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Hezbollah, World’s ‘Most Powerful’ Terrorist Organization, Poised for Next War With Israel, Military Experts Conclude in New Report

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Hezbollah has become the “most powerful non-state armed force on the planet,” according to a new report. Photo: File.

Iran’s proxy in Lebanon, the Shia terrorist movement Hezbollah, has become the “most powerful non-state armed force on the planet,” a report by a group of former senior military officials and diplomats, many of them from NATO member states, concluded this week.

The report from the independent High-Level Military Group (HLMG) — whose members include Iraq war veteran Lt.-Gen. Michael D. Barbero of the US, Gen. Klaus Dieter Neumann, former commander of the German armed forces, Lord Richard Dannatt, former commander of the British armed forces, and Lt. Gen. Kamal Davar, the former head of India’s Defense Intelligence Agency — asserted that Hezbollah now represents “a threat that few countries, much less sub-state organizations, on the globe can mount.”

A renewed war with Israel was “inevitable,” the report warned, that is certain to be “more violent and destructive”  than previous conflicts. Hezbollah has reportedly been withdrawing its forces from Syria in recent weeks, transferring them toward Israel’s borders on the Golan Heights.

Since the 2006 war with Israel, Hezbollah has undergone a major boost in terms of missile development and intelligence-gathering activities. “Israeli intelligence estimates put the number of projectiles in Hezbollah’s possession today at well over 100,000,” the report, titled “Hezbollah’s Terror Army: How To Prevent A Third Lebanon War,” said. “The majority of these are short-range rockets, but thousands have a much larger range, up to 150 miles and more.”

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The report noted that “not only has the sheer numeric scale of the threat increased exponentially, but the lethality is greatly increased on account of larger payloads, range and higher targeting accuracy.”

Hezbollah also “mounts a greatly expanded intelligence effort,” the report observed. “It has numerous intelligence-gathering units focused on Israel, generating an extensive bank of targets, including many vital and sensitive Israeli infrastructure facilities.”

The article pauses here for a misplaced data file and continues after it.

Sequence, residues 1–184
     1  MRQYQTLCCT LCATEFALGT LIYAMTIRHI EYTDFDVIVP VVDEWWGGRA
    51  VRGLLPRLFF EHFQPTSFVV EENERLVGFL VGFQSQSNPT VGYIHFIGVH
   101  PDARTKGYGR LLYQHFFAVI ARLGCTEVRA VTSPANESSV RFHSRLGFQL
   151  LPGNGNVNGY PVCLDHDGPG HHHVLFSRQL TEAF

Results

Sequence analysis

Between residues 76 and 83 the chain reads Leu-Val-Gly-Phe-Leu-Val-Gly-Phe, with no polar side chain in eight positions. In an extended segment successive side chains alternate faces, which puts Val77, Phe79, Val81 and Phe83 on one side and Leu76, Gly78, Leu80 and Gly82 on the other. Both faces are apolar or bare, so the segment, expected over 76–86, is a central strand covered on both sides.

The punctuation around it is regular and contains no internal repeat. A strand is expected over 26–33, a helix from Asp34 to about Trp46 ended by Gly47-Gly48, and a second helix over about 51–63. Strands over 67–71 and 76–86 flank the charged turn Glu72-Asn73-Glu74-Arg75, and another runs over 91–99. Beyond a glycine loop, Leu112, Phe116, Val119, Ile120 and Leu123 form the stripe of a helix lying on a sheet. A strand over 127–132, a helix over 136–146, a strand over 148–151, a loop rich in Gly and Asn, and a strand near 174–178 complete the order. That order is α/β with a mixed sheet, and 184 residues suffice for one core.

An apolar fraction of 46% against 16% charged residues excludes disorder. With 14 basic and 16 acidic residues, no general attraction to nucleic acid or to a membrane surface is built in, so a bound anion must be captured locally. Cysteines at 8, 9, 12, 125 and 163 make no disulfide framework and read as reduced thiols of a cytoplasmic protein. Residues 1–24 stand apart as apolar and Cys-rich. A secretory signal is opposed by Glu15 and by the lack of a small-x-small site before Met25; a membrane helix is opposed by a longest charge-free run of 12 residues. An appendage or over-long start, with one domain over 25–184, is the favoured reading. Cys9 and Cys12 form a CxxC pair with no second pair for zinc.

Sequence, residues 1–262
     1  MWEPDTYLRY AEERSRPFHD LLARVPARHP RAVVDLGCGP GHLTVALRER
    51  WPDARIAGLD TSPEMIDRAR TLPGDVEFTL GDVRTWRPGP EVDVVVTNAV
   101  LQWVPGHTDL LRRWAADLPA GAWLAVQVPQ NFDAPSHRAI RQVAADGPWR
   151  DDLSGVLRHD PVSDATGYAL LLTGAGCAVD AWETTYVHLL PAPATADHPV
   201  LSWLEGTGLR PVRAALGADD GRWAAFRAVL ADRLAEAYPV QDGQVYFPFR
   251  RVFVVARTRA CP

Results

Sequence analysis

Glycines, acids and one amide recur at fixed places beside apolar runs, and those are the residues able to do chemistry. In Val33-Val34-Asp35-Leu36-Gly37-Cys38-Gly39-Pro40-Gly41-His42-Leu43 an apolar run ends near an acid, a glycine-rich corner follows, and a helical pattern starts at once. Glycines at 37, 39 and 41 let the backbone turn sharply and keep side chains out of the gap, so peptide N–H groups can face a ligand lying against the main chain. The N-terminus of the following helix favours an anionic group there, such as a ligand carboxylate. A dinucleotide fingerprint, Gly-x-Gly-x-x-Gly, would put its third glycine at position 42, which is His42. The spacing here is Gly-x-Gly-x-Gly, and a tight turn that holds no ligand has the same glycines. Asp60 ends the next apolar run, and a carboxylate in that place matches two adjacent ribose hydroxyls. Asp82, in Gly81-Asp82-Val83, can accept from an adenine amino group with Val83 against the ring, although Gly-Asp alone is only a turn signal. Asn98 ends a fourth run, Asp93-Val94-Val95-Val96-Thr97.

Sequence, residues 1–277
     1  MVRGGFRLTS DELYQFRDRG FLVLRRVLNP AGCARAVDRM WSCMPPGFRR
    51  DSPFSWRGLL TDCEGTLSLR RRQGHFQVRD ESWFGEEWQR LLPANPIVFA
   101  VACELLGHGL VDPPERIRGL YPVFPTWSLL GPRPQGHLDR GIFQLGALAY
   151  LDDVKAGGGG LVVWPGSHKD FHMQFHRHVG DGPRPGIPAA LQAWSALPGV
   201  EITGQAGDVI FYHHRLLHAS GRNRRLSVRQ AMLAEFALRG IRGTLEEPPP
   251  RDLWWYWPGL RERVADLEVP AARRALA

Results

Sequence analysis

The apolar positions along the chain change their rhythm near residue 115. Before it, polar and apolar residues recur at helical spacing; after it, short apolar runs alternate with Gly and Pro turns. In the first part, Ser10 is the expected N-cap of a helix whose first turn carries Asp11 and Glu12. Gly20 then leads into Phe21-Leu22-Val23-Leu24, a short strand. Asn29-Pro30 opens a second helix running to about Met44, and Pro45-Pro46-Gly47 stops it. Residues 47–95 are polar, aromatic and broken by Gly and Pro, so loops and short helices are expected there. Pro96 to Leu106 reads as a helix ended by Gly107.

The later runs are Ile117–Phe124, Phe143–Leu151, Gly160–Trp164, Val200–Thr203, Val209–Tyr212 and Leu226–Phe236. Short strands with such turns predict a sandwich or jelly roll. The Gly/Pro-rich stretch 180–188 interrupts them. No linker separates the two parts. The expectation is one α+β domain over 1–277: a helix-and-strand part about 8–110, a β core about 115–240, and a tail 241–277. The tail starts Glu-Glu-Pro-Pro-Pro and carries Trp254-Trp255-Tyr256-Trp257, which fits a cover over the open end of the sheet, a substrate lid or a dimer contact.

On the ground, Hezbollah fighters “are equipped with AK-47 assault rifles, night vision goggles, and advanced anti-tank weapons,” the report said. “Its combatants are highly skilled in deploying explosives and anti-tank guided missiles (ATGM).”

Hezbollah’s participation in the defense of the Iranian-backed Syrian dictator Bashar al-Assad had improved the organization’s “ability to maneuver and carry out relatively large-scale ground attacks at the scale of company or battalion level,” the report pointed out.

Iran has played a decisive role in strengthening Hezbollah’s capabilities, the report emphasized. “The upgrade in Hezbollah capabilities is one discernible result of Iran and Hezbollah’s ongoing project to equip the latter with more accurate longer-range missiles, so as to be able to more effectively menace Israel,” it said. The report continued, “Hezbollah embeds its military assets among the Lebanese civilians it claims to protect, holds Lebanese politics and questions of war and peace hostage to its Iranian-led regional military imperatives, and has infiltrated Lebanese state organs, including the army, to utilize them for its aims.”

In the event of a renewed war between Hezbollah and Israel, competition for international public support will be no less fierce than during the 2006 hostilities, the report said. “This is likely to be exacerbated by Israel’s doctrine requiring substantial and immediate damage to Hezbollah in the opening stages of any new war, with the television pictures and attendant battle over the narrative of the fighting likely to prove highly contentious,” it stated.

Yet, the report stressed, “the international environment has changed since the previous war, and a defensive assault on Hezbollah, a terror organization now strongly associated with Bashar al-Assad’s regime in Syria, will generate full support not only from the United States, but likely also from other Western countries, in addition to tacit but increasing support from the Sunni Arab world.”

The report argued that while “Israel enjoys a range of immense economic, diplomatic, and military assets, it is at serious risk from a successful attack.”

Israel would pursue a strategy based on the twin imperatives of a decisive and fast victory. “Hezbollah’s strategic concept, coupled to the gains Iran has made regionally … mean that Israeli decision makers are firm in the belief that they will have to respond with overwhelming force and at great speed to any escalation forced upon them,” the report concluded.

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